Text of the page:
To parents, giving away their children's baby teeth can be a big deal! But many parents of children with PWS have gladly answered Dr. Lawrence Reiter's call for baby teeth in the name of researching differential gene expression, as it could lead to successful PWS therapeutics.
Over the past year, Dr. Reiter has been collecting the teeth in order to extract stem cells found in the pulp and transform them into PWS brain cells. FPWR is thrilled to have Dr. Lawrence Reiter presenting at the FPWR Research Conference: Action Changes Tomorrow, October 28-30, 2016.
Research On Differential Gene Expression
After generating the brain cells, Dr Reiter and his group are comparing PWS and non-PWS cells to identify the differences in which genes are expressed. The outcome of this research could potentially identify therapeutic targets for Prader-Willi syndrome. This October, Dr. Reiter will give us an update on his project and provide his insight into how PWS fits with other 15q syndromes and autism.
Dr. Reiter, recently highlighted on our Researcher Spotlight, is an Associate Professor at the University of Tennessee Health Science Center (UTHSC), and the Director of the 15q Duplication Autism Clinic at Le Bonheur Children’s Hospital. He runs a lab that focuses on the molecular basis of genetic disorders of the 15th chromosome.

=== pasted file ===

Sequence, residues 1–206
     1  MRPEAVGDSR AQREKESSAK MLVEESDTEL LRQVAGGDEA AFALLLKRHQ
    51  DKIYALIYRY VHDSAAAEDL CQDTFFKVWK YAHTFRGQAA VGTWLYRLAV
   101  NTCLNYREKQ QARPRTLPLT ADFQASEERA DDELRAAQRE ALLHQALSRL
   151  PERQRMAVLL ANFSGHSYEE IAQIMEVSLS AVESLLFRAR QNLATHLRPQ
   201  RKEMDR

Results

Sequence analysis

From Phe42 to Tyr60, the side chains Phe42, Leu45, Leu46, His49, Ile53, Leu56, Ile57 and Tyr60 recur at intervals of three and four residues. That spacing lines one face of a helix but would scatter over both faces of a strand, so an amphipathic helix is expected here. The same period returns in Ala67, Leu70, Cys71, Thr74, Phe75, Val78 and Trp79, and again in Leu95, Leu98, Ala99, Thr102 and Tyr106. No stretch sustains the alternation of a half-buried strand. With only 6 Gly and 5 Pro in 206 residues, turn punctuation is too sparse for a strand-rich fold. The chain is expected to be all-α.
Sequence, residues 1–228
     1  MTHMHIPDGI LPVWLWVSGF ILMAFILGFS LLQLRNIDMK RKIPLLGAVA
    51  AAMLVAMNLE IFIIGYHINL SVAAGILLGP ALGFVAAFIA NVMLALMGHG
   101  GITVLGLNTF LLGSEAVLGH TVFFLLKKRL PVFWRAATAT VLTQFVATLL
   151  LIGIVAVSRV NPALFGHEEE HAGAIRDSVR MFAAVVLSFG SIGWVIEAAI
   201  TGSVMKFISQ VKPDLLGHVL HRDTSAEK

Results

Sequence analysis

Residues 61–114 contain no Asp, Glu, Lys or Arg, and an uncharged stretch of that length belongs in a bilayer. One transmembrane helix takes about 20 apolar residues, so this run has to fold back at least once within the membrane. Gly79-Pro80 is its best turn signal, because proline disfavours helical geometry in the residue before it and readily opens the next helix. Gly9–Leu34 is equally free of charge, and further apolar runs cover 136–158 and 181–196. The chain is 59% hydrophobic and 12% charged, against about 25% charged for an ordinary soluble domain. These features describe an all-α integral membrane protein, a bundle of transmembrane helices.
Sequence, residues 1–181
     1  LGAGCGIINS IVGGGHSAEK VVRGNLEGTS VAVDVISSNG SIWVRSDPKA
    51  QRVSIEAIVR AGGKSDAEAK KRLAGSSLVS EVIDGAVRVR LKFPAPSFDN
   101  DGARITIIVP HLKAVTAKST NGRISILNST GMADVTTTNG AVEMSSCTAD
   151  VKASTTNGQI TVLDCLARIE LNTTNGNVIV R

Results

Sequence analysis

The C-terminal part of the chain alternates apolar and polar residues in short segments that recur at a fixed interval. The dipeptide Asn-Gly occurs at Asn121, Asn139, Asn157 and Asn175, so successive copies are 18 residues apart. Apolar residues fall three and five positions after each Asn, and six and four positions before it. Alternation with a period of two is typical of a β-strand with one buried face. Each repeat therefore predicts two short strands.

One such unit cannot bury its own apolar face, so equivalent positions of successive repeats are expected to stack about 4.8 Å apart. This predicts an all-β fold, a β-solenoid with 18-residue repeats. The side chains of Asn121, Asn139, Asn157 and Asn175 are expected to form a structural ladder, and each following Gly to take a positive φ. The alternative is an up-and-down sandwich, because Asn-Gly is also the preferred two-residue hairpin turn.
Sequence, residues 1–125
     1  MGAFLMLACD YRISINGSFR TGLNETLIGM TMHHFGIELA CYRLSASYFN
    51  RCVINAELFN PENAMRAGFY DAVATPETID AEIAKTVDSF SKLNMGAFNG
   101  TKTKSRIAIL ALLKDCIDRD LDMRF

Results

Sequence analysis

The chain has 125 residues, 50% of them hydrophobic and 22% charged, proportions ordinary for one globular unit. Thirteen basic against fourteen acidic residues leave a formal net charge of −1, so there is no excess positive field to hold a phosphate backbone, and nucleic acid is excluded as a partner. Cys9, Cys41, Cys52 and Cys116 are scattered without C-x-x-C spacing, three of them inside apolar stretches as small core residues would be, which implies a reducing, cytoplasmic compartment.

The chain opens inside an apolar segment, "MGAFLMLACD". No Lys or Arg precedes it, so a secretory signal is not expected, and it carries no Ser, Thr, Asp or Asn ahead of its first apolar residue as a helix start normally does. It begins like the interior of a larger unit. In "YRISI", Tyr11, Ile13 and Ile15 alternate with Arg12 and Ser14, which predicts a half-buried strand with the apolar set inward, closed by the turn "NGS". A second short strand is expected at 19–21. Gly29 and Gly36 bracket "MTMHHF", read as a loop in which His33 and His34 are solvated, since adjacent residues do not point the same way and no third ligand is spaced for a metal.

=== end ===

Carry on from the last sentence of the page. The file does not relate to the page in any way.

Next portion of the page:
We look forward to meeting Dr. Reiter this October in Providence, RI, and hope you will join us as well!
FPWR Research Conference Presenters
Want to learn more about our conference presenters? Here are a few highlighted presentations:
Sleep in PWS: Clinical and Scientific Perspectives
Tom Scammell, MD., Professor of Neurology, Harvard Medical School
Developmental Language Delays and Success in the Classroom
Ellen Brigger, MEd, St. Rita School for the Deaf Apraxia Education Program
For a complete lineup of presenters as they are confirmed, visit our conference page.